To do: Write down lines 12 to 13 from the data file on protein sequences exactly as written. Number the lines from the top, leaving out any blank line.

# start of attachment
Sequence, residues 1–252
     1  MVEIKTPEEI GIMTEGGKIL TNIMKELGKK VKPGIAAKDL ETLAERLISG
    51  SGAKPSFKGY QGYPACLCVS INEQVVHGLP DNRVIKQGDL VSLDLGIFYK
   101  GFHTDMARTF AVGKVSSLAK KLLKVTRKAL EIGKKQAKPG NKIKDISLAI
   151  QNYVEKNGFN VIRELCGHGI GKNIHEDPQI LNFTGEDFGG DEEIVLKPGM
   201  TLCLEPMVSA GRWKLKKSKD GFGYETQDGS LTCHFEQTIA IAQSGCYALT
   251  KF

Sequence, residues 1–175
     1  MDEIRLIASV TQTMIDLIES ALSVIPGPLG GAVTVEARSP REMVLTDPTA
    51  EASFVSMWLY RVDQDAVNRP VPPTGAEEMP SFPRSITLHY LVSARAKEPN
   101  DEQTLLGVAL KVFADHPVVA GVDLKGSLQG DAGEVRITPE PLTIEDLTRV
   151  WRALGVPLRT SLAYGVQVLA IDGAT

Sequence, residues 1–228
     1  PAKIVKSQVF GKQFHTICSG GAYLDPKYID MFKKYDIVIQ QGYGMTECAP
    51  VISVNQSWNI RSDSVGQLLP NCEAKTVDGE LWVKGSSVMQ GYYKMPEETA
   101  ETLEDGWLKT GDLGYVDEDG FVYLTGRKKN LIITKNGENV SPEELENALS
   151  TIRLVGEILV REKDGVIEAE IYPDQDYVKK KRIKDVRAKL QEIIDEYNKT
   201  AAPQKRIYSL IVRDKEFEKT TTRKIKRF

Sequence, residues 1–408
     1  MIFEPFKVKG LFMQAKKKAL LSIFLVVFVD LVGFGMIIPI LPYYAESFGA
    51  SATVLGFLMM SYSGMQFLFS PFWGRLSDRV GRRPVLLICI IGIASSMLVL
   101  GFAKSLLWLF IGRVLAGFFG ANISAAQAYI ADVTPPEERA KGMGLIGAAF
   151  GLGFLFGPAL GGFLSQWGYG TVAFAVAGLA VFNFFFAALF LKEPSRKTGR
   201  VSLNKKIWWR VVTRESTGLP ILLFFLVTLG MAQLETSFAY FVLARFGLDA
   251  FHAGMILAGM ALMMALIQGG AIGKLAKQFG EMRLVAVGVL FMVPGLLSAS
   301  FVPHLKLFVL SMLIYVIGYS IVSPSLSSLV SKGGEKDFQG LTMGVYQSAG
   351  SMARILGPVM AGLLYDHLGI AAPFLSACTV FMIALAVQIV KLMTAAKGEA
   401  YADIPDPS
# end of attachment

   151  WRALGVPLRT SLAYGVQVLA IDGAT

Sequence, residues 1–228